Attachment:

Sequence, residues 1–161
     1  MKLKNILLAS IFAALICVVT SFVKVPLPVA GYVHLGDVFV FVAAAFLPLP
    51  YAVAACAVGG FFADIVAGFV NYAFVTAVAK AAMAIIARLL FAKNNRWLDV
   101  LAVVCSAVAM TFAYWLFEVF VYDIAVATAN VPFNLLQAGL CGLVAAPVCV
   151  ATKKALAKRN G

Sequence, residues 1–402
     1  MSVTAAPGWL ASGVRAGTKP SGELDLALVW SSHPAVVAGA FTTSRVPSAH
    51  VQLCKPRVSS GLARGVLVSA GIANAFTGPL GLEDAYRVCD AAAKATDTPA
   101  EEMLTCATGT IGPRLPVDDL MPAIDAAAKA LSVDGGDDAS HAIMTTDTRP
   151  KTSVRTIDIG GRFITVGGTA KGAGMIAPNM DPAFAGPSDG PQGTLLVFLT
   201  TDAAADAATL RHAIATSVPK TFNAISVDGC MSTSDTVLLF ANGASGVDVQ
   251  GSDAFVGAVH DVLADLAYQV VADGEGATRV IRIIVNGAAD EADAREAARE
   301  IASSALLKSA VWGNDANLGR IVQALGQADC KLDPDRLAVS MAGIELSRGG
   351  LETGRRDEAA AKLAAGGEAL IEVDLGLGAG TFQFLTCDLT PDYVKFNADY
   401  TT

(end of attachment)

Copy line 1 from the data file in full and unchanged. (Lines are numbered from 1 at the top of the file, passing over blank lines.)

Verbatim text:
Sequence, residues 1–161